By Polly Warrack, Associate Partner
You do not need to have a specific knowledge of retail property to know that the sector is in trouble. The threat of e-commerce has been building for years, as have the rising overheads of rents, rates and service charges for physical stores and the number of brands entering into CVAs and administration. Now, the forced closure of many non-essential shops due to covid-19 combined with the squabbling between retailers and landlords over rent payments in this period mean that many are questioning if the sector has a future.
The reality is that physical retail requires significant reforms if it is to survive, with turnover leases providing a potential solution to both landlords and retailers, as well as those looking to provide a sensible and relevant valuation of an asset.
For those unfamiliar with the term, a turnover lease is a lease where the rent payable by the tenant is calculated either wholly, or partly, by the actual turnover achieved by the tenant’s business operated out of the premises. For a business, such as a cinema or restaurant, that can provide a record of sales capable of audit and that is attributable to the number of people on site, this model makes a lot of sense.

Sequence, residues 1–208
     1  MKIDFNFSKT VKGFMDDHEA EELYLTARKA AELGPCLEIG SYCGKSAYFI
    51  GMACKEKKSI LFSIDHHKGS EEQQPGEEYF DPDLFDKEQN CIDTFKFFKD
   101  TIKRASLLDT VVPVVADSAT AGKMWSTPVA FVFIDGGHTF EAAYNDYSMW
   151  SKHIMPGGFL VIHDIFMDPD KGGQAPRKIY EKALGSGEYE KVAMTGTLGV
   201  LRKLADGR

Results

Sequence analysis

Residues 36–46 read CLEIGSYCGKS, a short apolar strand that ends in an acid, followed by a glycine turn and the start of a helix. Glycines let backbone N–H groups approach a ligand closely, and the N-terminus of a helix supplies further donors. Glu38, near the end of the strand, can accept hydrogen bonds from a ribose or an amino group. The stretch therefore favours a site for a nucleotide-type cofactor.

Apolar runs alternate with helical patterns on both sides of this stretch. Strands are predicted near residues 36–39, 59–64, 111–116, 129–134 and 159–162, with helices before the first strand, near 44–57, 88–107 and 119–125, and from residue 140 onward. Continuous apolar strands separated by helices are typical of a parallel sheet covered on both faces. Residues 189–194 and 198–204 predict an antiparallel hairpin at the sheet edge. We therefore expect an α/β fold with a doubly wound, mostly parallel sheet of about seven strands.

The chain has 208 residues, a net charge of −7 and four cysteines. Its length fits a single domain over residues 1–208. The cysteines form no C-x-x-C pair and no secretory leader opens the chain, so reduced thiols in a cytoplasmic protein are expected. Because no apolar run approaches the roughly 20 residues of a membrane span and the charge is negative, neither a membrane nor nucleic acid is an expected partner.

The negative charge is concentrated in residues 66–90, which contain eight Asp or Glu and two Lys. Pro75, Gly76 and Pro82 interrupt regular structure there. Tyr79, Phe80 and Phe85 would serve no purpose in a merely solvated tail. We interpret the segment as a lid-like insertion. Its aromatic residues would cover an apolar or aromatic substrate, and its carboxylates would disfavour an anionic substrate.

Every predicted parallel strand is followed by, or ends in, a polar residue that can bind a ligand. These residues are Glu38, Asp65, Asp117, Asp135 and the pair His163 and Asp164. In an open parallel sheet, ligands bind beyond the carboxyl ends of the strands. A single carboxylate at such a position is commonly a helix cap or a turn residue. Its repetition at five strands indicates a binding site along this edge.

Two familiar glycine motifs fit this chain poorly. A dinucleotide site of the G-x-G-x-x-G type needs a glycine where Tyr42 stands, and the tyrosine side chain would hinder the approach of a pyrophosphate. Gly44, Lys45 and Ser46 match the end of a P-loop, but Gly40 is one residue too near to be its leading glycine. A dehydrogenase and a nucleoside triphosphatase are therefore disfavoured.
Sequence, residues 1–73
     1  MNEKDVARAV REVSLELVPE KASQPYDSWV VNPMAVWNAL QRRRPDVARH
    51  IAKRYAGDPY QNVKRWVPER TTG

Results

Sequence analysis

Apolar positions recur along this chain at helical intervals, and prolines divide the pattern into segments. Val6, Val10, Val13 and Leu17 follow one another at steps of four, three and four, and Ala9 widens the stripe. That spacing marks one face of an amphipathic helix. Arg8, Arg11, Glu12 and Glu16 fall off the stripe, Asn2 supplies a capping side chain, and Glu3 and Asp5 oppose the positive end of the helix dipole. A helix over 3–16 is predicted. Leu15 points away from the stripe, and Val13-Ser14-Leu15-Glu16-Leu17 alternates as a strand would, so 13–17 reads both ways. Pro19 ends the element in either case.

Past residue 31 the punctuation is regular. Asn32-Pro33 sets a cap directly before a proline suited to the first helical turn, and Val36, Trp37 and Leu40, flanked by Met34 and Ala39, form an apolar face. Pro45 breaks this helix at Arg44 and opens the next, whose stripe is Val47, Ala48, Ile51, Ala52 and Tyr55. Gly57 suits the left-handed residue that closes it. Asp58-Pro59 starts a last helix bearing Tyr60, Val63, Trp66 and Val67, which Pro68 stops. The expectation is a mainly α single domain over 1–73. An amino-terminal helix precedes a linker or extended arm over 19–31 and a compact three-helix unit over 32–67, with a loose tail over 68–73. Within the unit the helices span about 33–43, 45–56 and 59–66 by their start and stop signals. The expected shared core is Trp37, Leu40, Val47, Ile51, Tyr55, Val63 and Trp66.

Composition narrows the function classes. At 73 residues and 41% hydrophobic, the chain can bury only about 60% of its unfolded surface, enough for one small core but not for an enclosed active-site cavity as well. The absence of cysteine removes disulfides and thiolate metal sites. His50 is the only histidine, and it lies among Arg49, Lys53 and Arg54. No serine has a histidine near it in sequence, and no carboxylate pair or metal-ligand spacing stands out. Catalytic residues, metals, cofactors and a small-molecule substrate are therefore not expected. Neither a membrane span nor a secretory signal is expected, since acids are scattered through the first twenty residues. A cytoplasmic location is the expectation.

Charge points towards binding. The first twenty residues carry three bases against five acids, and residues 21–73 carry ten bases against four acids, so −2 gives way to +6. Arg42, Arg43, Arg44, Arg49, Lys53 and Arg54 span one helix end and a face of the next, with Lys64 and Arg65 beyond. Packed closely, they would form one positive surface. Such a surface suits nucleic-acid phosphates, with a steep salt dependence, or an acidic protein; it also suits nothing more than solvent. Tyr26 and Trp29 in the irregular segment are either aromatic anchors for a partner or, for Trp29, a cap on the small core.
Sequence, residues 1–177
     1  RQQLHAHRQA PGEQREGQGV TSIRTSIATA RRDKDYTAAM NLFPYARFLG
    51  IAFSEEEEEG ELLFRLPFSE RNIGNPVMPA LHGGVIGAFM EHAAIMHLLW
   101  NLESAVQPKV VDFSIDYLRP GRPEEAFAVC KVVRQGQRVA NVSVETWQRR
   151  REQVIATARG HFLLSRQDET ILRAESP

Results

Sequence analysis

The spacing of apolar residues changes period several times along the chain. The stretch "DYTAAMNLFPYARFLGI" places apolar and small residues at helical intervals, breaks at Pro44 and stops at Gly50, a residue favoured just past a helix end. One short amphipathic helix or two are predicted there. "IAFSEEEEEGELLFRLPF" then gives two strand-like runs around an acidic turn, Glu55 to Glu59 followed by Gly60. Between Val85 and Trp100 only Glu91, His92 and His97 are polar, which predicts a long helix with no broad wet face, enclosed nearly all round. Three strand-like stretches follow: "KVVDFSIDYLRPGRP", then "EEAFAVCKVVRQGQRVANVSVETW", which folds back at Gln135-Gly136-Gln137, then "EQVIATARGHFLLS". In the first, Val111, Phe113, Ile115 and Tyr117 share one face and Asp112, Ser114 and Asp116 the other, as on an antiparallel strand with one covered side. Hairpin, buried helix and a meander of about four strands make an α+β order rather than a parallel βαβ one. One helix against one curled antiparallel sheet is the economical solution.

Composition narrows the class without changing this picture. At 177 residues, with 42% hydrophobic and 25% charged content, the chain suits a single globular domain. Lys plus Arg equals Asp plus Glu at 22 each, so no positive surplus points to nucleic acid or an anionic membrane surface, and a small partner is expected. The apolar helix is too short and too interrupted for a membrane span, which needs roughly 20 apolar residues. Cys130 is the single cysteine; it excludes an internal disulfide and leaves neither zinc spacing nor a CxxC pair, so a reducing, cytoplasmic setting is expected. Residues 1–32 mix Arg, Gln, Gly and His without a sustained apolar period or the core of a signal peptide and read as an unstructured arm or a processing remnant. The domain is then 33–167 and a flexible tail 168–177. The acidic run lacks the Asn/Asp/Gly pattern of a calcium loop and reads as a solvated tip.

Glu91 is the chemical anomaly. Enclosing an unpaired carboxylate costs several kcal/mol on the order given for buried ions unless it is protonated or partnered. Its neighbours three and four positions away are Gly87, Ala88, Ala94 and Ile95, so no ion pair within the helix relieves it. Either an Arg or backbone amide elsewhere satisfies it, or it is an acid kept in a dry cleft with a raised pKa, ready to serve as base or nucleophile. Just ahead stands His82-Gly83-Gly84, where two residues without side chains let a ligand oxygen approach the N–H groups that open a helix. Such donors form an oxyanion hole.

However, things get complicated when you try to apply this model to a retail tenant and you need to count online sales. What counts as online and what counts as footfall? If you return an item in store that you ordered online and exchange it for an alternative product, then was this an online purchase or an in store one? If you are the retailer and the level of rent that you pay is attached to your turnover in store then naturally you will think the former, while if you are the landlord then you are much more inclined to think the latter. Models based on footfall count and local postcodes are being explored at present.
To save high streets and shopping centres up and down the country, we need to agree a fairer rental base. The collaboration of industry bodies, such as RICS, BPF, BCSC, together with local authorities, to agree a consensus about how omnichannel retailing can be attributed to instore turnover would be an important step in agreeing a formula that can then be used as a benchmark for setting and reviewing rents, as well as creating a meaningful basis for valuing property. However, to make this work, we need trust. We have seen a fundamental lack of trust between many retailers and landlords play out publicly in recent weeks over the issue of rent, demonstrating the gap that needs to be bridged. If retail is to have a future, it is time for both parties to start pulling on the same end of the rope.